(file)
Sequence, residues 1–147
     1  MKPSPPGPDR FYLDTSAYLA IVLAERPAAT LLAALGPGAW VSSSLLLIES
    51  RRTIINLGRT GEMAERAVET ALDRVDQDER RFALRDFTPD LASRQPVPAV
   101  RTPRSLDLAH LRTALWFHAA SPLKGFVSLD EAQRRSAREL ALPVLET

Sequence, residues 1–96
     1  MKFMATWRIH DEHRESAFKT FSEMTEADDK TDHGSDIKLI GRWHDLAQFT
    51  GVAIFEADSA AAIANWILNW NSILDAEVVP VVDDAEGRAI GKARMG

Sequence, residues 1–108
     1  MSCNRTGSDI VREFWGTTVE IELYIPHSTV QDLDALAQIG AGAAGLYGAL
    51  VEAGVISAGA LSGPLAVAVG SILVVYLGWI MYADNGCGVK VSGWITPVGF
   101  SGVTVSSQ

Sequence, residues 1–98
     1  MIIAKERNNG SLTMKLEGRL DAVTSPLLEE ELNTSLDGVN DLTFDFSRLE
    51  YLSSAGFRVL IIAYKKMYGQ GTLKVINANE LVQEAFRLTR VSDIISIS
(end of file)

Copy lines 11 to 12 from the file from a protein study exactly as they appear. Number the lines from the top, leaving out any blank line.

   101  SGVTVSSQ

Sequence, residues 1–98